Edelkrone Style DIY Time Lapse Slider with Panning Action

Andy

New time-lapser
#1
OpenBuilds V-Slot section makes the construction of a camera slider about as easy as it gets. I wanted to keep my rig pretty short so I adopted the Edelkrone approach of having the rails slide in the tripod head at the same time as the camera carriage slides along the rails, both actuated by the same drive belt. I added a further length of V-Slot alongside the main rails to provide an adjustable panning action. The result is a moderately compact motion time lapse slider that offers 778mm of camera travel from a unit that measures 665mm long and weighs 2.4kg including the geared DC motor.

Not only is this my first DIY camera slider project, but these are also my first attempts at time lapse, so set your expectations to low!



More photos of the slider can be found posted here: http://uktripper.com/visits/diy-time-lapse-and-video-camera-slider/


 

Andy

New time-lapser
#4
Thanks guys. I haven't costed it out, and to be honest, I think it would scare me if I did. Although the basic materials are pretty inexpensive, I seem to have run up an excessive bill to get to this stage. A quick look at the cost of the components, including video and time lapse motors and controllers looks to be around 500GBP/840USD, excluding carriage. I wish this was all I'd spent!

I built it over a 4 week period but I think it could be done in 3 or 4 days, maybe less.
 

marcofama

Time Lapse Network Founder
Staff member
#6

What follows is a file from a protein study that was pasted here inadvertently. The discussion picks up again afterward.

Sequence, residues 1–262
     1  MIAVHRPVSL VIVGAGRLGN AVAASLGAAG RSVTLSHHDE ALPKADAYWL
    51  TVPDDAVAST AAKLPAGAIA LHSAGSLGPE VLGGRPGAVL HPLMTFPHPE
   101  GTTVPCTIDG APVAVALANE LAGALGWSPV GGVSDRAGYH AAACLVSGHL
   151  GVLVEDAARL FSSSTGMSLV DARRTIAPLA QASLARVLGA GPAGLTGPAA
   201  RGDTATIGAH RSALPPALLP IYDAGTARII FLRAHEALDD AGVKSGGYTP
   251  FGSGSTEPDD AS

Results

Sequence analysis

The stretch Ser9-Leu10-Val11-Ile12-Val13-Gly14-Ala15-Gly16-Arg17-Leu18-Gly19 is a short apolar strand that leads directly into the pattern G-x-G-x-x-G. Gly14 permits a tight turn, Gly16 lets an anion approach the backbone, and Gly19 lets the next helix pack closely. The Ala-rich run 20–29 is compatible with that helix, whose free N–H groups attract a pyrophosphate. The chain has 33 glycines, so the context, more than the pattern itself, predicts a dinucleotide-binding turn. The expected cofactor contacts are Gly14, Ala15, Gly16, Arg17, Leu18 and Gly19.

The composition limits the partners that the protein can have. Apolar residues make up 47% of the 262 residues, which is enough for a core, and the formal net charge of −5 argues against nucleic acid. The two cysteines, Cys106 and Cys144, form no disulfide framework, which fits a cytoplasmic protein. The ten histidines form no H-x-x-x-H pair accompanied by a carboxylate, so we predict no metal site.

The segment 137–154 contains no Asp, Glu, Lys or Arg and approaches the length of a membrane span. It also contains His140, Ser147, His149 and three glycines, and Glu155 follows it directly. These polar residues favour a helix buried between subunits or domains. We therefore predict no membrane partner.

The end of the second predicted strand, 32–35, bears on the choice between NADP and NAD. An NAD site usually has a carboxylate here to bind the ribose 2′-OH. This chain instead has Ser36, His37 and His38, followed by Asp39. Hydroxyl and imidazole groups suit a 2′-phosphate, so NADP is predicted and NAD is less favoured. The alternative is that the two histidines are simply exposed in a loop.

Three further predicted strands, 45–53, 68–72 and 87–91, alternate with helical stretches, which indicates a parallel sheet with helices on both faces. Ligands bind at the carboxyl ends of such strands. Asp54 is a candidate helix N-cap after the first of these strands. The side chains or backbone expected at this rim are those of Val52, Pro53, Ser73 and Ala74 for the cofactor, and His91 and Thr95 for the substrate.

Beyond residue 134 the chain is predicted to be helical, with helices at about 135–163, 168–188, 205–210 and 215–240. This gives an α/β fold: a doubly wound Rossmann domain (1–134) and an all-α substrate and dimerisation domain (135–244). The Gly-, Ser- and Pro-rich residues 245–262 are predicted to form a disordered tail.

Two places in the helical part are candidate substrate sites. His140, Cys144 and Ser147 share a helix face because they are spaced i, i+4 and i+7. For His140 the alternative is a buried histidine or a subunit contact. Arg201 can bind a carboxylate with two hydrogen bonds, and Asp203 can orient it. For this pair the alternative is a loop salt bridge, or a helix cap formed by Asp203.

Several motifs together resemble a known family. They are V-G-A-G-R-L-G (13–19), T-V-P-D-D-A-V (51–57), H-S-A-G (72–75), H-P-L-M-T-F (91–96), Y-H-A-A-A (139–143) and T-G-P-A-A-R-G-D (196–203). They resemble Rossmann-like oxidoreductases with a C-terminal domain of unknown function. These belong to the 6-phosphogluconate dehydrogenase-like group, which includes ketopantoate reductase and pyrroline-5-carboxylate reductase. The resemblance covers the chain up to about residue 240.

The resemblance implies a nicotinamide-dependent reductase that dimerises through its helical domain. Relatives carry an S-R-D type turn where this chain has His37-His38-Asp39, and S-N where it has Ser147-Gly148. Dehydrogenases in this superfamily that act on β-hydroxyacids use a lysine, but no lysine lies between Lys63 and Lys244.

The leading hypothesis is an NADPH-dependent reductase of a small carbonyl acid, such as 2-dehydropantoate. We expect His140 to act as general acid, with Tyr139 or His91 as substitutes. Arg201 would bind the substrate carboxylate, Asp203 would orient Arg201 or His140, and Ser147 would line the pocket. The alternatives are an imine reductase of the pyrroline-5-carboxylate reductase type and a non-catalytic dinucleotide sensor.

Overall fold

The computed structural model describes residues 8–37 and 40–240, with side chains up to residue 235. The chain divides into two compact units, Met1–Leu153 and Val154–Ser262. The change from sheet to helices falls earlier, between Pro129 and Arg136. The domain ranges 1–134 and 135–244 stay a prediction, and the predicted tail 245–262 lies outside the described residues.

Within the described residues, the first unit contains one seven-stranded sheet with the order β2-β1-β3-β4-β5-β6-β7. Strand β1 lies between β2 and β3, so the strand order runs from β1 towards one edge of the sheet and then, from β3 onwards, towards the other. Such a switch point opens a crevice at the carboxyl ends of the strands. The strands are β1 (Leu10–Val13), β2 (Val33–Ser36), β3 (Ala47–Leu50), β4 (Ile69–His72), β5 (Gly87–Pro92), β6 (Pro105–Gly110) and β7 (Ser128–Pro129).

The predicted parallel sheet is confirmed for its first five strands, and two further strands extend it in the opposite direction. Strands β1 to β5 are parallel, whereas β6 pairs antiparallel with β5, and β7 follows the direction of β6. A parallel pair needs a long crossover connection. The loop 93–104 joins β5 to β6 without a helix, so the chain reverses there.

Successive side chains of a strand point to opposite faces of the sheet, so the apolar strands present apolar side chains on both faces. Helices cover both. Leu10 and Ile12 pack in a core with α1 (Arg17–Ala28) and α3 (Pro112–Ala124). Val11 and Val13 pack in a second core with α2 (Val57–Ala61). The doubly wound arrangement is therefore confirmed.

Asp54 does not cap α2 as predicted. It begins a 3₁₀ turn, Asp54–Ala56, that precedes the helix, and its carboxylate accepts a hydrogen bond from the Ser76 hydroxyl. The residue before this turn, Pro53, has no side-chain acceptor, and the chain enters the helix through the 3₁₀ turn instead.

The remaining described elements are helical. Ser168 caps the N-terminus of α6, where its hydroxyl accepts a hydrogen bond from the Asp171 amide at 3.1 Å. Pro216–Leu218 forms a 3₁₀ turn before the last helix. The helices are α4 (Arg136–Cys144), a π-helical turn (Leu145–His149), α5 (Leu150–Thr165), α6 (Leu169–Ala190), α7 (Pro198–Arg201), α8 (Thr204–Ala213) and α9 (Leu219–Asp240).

hey Andy,
this project is so cool!

If you think you'd like to share your knowledge and how-tos with the community, please drop me a few lines and you can write your own post on the site, linking back to your site too obviously :)

PS: you should remember to set your avatar.. :)
 

Andy

New time-lapser
#9
George, sorry for the delay in responding. I'm not getting updates on the thread.

There is no math. For shots at minimum focus I'm using the focus tracking on my GH3!

Any math would be pretty complex in order to account not just for aperture, but also sensor size. At minimum focus, I think focus tracking is the only option, but at longer focal lengths it's not really an issue, and probably pretty easy to find the overall DOF if you have focus peaking (which I don't). The shot at 0.37 in the clip was taken with a D600 at f4.5/85mm at about 8 feet.

I must apologise for stating the weight of the first slider incorrectly. It actually weighs 3.38kg.

I've just finished my second slider that also works in the same way, but with the motor now centre mounted.


More photos here: http://uktripper.com/visits/diy-time-lapse-slider-with-panning-action/
 
#10
Andy,thanks for the update. I have planed to improvise a time lapse contraption using my sons Lego MindstormNXT robotics kit.It has 3 motors that can be programed very easy.I guess that some basic trigonometry might help for such a project.
 

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